Thursday also saw Ofgem, the regulator for the U.K. energy sector, raise its energy price cap by 54%, meaning millions of households’ annual energy bills will increase by around £700 from April.
Because of the U.K.’s reliance on natural gas as an energy source, the country has been hit particularly hard by a gas shortage that pushed wholesale prices up to record highs across Europe last year.
British Finance Minister Rishi Sunak announced on Thursday that all residential electricity customers would be loaned £200 as a discount on their electricity bills from October, which will later be repaid in £40 installments over five years. He also announced that the majority of households would be given a £150 rebate on their council tax — a levy paid by households based on the value of their home.
But many of Britain’s small business owners have said they are concerned about the future of their companies amid climbing prices.
“The past two years have been absolutely devastating for small businesses,” Danielle McKenny, owner of West Midlands-based skincare company Gaea’s Garden, said in an emailed statement. “While our sales have plummeted, the cost of living and eating has skyrocketed.”
Jenny Blyth, who owns Storm In A Teacup Gifts, said via email: “For the first time in many years I’m scared.”
“The rising cost of living and rocketing food and gas prices mean my usual sales just aren’t enough,” she added. “I don’t have enough money to heat my home and run my business simultaneously. So what choice do I make?”
Meanwhile, Jamie Rackham, who founded a Facebook group with more than 182,000 small independent businesses as members, said many micro businesses were finding it increasingly difficult to cope.
“It’s the perfect storm right now, but [the government] is rudderless and out of touch,” he said. “As ever, the only companies doing well in the current climate are big businesses, while everyone else suffers.”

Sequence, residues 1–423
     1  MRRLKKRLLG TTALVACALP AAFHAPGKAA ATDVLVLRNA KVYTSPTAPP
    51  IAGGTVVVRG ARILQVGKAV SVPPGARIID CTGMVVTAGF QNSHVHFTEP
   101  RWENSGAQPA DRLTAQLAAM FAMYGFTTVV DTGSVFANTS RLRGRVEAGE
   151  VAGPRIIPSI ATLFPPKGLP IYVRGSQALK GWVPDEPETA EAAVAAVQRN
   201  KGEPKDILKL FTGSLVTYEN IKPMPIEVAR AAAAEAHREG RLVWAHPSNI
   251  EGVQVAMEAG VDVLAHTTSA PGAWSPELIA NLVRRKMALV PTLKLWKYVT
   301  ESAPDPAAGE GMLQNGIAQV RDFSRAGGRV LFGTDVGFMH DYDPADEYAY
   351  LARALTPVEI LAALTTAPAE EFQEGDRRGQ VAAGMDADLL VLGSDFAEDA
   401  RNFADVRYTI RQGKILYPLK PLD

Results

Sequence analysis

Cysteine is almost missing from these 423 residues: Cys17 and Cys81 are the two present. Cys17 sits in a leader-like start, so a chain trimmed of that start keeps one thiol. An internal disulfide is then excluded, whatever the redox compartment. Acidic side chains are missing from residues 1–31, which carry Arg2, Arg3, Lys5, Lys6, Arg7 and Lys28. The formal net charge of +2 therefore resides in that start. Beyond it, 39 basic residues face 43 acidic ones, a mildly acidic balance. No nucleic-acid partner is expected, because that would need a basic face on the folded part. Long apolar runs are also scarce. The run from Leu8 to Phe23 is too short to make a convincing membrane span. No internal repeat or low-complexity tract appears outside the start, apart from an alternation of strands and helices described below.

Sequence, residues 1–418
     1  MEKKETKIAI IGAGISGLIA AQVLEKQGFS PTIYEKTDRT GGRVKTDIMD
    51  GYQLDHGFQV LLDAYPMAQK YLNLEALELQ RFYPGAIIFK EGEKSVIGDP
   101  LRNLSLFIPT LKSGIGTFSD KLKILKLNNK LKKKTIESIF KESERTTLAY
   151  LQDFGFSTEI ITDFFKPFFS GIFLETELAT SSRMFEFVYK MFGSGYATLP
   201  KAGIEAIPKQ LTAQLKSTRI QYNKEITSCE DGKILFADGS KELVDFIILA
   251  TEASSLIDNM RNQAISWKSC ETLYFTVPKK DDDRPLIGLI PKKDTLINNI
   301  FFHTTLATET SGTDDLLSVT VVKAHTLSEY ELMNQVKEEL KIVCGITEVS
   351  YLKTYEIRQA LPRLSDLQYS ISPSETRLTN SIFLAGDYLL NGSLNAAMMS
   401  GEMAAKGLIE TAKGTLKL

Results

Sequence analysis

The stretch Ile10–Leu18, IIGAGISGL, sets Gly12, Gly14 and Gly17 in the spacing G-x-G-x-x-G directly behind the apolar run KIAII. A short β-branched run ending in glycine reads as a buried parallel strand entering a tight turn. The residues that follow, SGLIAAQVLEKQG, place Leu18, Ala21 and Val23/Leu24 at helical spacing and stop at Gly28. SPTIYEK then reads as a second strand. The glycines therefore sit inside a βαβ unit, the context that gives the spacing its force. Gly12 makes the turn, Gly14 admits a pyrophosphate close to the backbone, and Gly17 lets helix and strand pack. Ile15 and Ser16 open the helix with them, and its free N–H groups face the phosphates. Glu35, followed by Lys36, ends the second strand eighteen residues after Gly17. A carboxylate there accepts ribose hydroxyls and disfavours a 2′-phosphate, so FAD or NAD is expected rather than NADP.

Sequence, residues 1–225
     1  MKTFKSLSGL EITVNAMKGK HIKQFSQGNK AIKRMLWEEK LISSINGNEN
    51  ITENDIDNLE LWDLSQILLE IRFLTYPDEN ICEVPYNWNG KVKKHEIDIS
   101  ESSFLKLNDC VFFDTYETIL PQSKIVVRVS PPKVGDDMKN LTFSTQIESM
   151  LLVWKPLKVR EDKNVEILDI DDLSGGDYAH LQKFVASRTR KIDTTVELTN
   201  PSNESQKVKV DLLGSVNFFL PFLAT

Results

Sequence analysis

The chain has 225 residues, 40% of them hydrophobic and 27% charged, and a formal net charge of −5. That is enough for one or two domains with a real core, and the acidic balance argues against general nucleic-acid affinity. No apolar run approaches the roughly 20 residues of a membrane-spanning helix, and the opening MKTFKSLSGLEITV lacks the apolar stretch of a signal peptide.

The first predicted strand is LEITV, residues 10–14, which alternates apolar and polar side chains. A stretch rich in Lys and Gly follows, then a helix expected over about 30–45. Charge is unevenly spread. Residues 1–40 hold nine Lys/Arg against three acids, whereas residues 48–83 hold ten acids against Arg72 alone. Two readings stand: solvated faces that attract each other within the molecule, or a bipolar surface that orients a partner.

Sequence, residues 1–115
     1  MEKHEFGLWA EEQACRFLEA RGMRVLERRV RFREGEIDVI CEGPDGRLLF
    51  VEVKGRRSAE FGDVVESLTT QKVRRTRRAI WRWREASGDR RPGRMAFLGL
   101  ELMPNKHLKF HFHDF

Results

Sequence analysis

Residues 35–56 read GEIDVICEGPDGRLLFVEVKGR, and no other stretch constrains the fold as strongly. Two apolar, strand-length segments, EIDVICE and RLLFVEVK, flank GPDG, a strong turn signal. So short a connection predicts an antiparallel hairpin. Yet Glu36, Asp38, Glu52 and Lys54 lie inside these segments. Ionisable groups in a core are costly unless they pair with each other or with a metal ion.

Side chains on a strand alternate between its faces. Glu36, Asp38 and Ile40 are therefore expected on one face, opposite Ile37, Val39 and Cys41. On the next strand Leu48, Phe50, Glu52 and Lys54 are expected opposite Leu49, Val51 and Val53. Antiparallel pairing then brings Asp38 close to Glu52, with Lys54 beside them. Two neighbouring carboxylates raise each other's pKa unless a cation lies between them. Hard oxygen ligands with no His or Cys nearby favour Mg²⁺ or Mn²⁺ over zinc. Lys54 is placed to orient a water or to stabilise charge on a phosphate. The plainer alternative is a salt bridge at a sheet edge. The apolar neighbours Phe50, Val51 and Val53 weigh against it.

A spokesperson for the U.K. government told CNBC in an emailed statement: “We recognize people are facing pressures with the cost of living, which is why we are taking decisive action through a £200 discount on bills this autumn and a £150 non-repayable reduction in Council Tax bills, on top of the existing £12 billion of support we already have in place.”
Food bank charity The Trussell Trust told CNBC via email that reliance on food banks increased in 2021, which wasn’t expected to improve as people face “impossible decisions in response to the deepening cost of living crisis.”
Between April and September, The Trussell Trust gave at least three food parcels every minute to those in need — 11% more than they were providing before the pandemic.
“With inflation reaching a 30-year high, our social security system is at breaking point and essential costs across the board are rising rapidly,” Garry Lemon, policy director at the Trussell Trust, told CNBC in an email.
“To truly help people hardest hit the government must bring [welfare] payments in line with the expected cost of living this April, or risk pushing more people through the doors of food banks. We all need our social security system to act as the lifeline it needs to be.”